An interesting article appeared in the July 23, 2012 online American Banker, entitled “Banks Employ Artificial Intelligence to Deepen Understanding of Customers.” The gist of this well-written and comprehensive article was that the Big Banks are now using sophisticated data mining of social media and other high-tech tools to gauge consumer sentiment.
My reaction? On a going forward basis, e.g. to evaluate various business decisions – perhaps whether to institute a $5 debit card fee [did this analysis occur to B of A last year? ~ PCQ] – it may make some sense. But the real problem isn’t gauging consumer sentiment as much as it is fixing consumer sentiment.
As I have said before, the reputations of Big Banks is at “Manson-level lows.” Big Banks, not regional or community banks or credit unions, have developed for themselves reputations that can evoke a visceral response. The feelings are deep and long lasting. For every one person affected by Bad Big Bank Conduct, another dozen folks have heard it and experienced it vicariously. Artificial intelligence, [is that really the best choice of words?] may be helpful on peripheral issues or forecasting public reaction to future business decisions, but it is woefully inadequate in dealing with the systemic reputational fallout plaguing Big Banks today – i.e. the perception that they have no soul; no principles; no moral compass. They are institutional zombies.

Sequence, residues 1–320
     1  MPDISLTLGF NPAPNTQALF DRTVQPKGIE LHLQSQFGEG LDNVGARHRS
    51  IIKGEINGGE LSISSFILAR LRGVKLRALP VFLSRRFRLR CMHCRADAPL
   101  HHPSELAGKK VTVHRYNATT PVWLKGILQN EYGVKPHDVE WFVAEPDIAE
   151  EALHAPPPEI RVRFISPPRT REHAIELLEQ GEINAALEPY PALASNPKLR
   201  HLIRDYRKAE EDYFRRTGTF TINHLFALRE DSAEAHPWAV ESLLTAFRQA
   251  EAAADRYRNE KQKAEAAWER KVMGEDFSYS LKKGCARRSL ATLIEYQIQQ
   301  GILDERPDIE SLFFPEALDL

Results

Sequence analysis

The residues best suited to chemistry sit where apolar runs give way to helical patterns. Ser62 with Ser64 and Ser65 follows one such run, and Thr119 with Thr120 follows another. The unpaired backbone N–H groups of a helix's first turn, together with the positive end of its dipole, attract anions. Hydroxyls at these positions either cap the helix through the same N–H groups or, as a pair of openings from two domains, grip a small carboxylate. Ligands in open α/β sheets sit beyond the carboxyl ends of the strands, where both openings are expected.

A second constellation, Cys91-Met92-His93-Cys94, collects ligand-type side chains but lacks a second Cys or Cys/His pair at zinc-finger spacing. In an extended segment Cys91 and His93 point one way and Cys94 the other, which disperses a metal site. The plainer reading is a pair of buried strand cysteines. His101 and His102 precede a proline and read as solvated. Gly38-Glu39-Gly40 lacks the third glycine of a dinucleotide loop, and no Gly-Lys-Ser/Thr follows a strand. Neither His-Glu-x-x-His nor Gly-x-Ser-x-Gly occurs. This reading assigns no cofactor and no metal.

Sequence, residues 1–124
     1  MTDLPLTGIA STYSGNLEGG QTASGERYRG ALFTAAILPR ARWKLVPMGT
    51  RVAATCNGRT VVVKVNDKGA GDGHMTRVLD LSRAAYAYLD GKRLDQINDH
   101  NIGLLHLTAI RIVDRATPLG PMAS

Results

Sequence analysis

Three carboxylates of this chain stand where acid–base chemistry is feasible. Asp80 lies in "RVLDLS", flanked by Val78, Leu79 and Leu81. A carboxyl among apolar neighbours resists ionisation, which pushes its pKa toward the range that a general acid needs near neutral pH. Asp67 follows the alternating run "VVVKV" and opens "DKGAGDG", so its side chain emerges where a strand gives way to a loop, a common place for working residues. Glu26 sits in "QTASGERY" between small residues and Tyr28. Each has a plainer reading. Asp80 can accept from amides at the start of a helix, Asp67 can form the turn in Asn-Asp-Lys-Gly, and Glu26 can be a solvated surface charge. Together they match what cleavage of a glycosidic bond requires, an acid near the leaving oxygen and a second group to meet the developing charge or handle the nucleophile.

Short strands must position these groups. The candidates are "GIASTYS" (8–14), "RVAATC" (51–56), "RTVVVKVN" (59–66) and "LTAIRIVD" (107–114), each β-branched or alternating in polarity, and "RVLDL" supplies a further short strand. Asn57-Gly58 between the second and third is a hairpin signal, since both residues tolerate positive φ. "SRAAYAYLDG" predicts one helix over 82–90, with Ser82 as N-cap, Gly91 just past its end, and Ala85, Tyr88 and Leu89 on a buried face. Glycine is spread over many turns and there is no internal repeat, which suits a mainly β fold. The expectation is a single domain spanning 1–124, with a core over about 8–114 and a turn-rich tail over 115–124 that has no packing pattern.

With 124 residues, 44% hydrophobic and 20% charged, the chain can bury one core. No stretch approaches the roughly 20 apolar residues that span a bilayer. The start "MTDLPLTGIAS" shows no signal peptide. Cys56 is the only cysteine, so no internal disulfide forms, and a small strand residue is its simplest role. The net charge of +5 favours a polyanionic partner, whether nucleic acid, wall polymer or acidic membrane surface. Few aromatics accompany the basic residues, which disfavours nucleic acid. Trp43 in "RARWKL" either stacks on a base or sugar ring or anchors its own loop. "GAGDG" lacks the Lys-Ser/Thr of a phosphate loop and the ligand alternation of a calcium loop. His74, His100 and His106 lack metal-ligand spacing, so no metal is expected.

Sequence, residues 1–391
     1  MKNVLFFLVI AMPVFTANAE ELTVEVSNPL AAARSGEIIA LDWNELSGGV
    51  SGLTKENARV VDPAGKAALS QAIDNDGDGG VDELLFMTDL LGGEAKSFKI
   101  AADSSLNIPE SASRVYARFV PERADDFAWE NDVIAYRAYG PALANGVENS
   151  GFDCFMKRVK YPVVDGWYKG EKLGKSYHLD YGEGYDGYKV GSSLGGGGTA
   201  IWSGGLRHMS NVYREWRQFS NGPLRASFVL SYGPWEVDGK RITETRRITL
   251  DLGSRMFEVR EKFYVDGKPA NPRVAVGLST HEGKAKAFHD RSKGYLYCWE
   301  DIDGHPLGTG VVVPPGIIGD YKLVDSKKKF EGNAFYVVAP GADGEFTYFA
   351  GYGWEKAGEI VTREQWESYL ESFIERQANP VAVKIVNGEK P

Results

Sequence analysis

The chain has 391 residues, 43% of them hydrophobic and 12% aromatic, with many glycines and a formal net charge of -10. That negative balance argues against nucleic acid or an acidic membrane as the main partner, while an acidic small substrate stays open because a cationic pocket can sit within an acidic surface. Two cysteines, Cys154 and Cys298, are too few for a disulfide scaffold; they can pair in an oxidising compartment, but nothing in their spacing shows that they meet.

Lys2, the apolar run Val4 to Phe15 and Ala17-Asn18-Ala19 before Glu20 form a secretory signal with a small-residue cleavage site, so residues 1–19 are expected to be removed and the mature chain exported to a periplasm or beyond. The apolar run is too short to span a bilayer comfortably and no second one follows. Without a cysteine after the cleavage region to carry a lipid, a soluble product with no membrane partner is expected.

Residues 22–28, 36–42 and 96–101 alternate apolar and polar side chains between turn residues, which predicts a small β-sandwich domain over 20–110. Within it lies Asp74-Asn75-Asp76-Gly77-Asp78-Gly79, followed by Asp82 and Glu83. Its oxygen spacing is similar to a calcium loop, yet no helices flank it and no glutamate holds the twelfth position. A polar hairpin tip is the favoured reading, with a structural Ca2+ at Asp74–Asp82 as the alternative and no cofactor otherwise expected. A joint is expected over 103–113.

In the Japanese culture, executive leadership would publicly apologize for the havoc wreaked on the public for the financial crisis. Then they would step down. In the U.S., the Big Banks just pay bundles of money to clueless and intimidated regulatory agencies [whose employees hope to work at a Big Bank someday], admit no wrongdoing, and go on doing essentially the same as before, only slightly older and wiser. The American Public views Big Banks as above the law – and why not? That appears to be the case. A good example is the recent capitulation by the Justice Department in cutting Goldman Sachs loose on all sorts of federal criminal charges in the Abacus scandal.
The answer to the problem of public perception isn’t data mining and nuanced social media searches. Nor it is making huge charitable donations done solely for the PR benefit. Rather, the industry needs to put a human face on their banks; the CEOs need to publicly admit the failures of the past; apologize [generically, of course, to avoid the class action attorneys] and commit to doing the right thing – then do so!
 Abacus was the name of the junk investment Goldman sold its customers, while at the same time, disparaging it internally and betting against its success. Guess who made out like a bandit on that one? Goldman, don’tcha know? They were compensated when their investors bought it, and they were compensated again when the investments failed. Goldman neglected to disclose to their Abacus investors that the hand-picked junk was selected by another client, John Paulson, who was making a $1B bet against that investment. It was a sort of “reverse cherry-picking” selection process. Abacus was doomed to fail and Goldman, who created it, got paid on both sides of the transaction. Senator Carl Levin, Chairman of the Senate Committee investigating the financial crisis [perhaps the best resourced and comprehensive governmental report to date – PCQ], called Goldman’s actions “deceptive and immoral.”